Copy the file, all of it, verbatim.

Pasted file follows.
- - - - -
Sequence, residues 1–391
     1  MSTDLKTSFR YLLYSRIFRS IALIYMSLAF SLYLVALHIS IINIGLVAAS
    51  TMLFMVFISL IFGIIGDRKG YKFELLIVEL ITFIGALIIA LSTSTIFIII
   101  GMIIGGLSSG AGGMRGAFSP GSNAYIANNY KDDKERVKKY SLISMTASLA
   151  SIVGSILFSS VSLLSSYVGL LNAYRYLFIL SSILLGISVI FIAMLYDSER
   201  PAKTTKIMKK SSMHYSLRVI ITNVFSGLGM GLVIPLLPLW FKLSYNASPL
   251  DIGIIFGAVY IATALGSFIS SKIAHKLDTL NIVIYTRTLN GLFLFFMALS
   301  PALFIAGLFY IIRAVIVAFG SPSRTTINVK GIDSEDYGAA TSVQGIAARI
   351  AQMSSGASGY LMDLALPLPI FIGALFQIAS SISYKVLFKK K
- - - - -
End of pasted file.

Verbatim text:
Sequence, residues 1–391
     1  MSTDLKTSFR YLLYSRIFRS IALIYMSLAF SLYLVALHIS IINIGLVAAS
    51  TMLFMVFISL IFGIIGDRKG YKFELLIVEL ITFIGALIIA LSTSTIFIII
   101  GMIIGGLSSG AGGMRGAFSP GSNAYIANNY KDDKERVKKY SLISMTASLA
   151  SIVGSILFSS VSLLSSYVGL LNAYRYLFIL SSILLGISVI FIAMLYDSER
   201  PAKTTKIMKK SSMHYSLRVI ITNVFSGLGM GLVIPLLPLW FKLSYNASPL
   251  DIGIIFGAVY IATALGSFIS SKIAHKLDTL NIVIYTRTLN GLFLFFMALS
   301  PALFIAGLFY IIRAVIVAFG SPSRTTINVK GIDSEDYGAA TSVQGIAARI
   351  AQMSSGASGY LMDLALPLPI FIGALFQIAS SISYKVLFKK K